Smoke is not something you want to smell when you walk through your house,
especially when no one is cooking up lunch or dinner. That’s why I became very
alarmed Monday when I walked upstairs from my home-office to make a cup of coffee
and smelled the distinctive smell of something electrical burning. Losing all
thought of coffee, I followed my nose to the family PC in the dining room. Popping
the cover off and looking around, I soon saw that the smoke was leaking out
of the power supply. Amazingly, the PC was still running and even operative,
but as I well know, once you let all the smoke out of anything electronic, it
stops working. Relieved that my house wasn’t burning, I made that cup of coffee
and decided it was time for a new power supply.
I’ve never replaced a power supply before, and I knew next to nothing about
them. In fact, I was fairly baffled just by the problem of removing the bad
power supply from my PC so that I could replace it. Sometimes when I delve into
the bowels of a PC I feel as if I’ve been presented with a three-dimensional
puzzle, and I’m not too good at solving those. Well, I got part way into the
box, and then I got stuck because two connectors to the motherboard were buried
under the various drives (disk and CD-ROM). I figured I’d better look at the
manual for guidance. Oh, the manual is on a CD. That’s certainly real
helpful when the power supply’s shot. Not! Fortunately, I had another PC on
which I could peruse the manual, and once I did that I discovered it wasn’t
so difficult after all to pull the motherboard away from the box in order to
disconnect the power supply.
Late that evening I hopped onto hp.com, went
to HP’s replacement parts page, and
typed in the part number from the power supply. Amazingly–I have such an old
model that I didn’t expect it–the part number was recognized. My particular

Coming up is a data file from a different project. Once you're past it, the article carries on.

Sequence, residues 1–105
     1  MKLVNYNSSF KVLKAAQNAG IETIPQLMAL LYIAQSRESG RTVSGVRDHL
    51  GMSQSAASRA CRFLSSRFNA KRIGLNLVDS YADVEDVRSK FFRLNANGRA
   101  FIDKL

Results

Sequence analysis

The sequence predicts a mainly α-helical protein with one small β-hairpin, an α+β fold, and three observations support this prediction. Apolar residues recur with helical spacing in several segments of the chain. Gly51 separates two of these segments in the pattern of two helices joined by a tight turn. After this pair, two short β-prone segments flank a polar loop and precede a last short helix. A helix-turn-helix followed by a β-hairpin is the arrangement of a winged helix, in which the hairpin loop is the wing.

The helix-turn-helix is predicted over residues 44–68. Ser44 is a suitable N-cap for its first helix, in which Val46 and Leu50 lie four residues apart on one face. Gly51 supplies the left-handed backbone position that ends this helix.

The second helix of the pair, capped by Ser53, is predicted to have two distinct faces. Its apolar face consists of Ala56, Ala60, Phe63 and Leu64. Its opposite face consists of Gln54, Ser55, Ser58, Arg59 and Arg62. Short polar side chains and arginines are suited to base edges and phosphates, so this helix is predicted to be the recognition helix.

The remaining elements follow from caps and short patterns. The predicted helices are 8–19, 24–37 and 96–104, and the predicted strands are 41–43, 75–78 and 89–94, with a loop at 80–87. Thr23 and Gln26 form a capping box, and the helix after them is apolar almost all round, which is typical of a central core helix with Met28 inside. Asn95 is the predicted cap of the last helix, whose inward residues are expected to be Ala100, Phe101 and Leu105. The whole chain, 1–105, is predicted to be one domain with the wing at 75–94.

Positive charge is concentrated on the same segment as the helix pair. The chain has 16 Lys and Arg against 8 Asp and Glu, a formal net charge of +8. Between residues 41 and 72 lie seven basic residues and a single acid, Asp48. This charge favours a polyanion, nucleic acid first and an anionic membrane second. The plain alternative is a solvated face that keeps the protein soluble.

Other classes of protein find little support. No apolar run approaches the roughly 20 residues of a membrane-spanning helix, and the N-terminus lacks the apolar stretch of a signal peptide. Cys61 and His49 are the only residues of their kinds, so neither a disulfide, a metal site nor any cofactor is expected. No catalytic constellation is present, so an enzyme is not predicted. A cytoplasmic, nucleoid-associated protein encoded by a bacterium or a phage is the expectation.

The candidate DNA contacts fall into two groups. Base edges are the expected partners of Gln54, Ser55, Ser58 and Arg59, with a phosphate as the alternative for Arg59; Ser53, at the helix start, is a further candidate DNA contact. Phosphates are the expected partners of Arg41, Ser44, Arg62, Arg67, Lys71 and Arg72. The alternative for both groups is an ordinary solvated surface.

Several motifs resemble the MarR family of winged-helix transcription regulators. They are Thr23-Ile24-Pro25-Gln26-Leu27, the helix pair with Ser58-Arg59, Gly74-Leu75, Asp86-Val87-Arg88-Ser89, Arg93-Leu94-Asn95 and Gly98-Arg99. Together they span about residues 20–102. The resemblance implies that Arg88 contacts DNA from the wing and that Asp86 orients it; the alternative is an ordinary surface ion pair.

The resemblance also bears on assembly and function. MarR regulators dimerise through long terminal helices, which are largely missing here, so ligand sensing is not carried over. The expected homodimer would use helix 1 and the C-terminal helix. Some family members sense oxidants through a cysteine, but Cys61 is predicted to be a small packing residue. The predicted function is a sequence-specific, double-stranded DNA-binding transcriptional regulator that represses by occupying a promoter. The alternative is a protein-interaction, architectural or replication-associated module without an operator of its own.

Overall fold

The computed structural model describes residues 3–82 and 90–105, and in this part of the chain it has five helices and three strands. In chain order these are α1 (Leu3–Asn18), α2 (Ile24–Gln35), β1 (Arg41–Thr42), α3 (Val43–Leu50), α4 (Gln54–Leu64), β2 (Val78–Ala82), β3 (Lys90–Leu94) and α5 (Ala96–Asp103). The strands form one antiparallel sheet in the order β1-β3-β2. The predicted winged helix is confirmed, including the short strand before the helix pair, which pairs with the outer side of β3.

power supply has been superceded by a newer model, and HP’s part lookup gracefully
informed me of that and then brought back the information for the newer part.
Cool! The only bad thing was that the part wasn’t in stock. Bummer! I wanted
it now, not whenever. I almost ordered the part anyway, but amid concerns of
waiting weeks for a backorder, I decided to think on the problem overnight and
take action in the morning when I was more awake and thinking clearly.
Never underestimate the benefit of sleeping on a problem! This morning I decided
that power supplies must be standardized enough for me to find another source
that could ship one immediately for overnight delivery. By a stroke of luck,
as I walked into my office my eyes landed on my row of In A Nutshell
books, and in particular on PC
Hardware In A Nutshell. That book was amazingly helpful. I learned that
I had an SFX power supply, that HP uses a version of SFX called SFX-L that’s
slightly different from the SFX-S that almost everyone else uses. The authors
even had an opinion (always a good thing) on where to get good quality, pointing
me to the exact
page that I needed on PC
Power & Cooling’s website. A few mouse-clicks and a bit of typing, and
my order was placed. The new power supply should arrive by UPS tomorrow, and
it cost me $35 compared to HP’s $55.
This little episode has gotten me to thinking again about disaster
recovery in my home office. There’s no revenue tied to the PC that my kids
use, so there’s no great loss if it sits idle for a day or two while I wait
for a new part to arrive. Sure my daughter’s mad because she can’t surf the
Internet, but so what. On the other hand, two days of downtime from my office
PC would be very costly indeed. I’d venture to say that two days lost work would
cost my company and me collectively more than the price of a whole new PC. And
now would be a really bad time for such a problem, because I’m hard up against
a couple of deadlines. Expect to read more from me on this topic.
I’ve never lost a power supply before. Have you?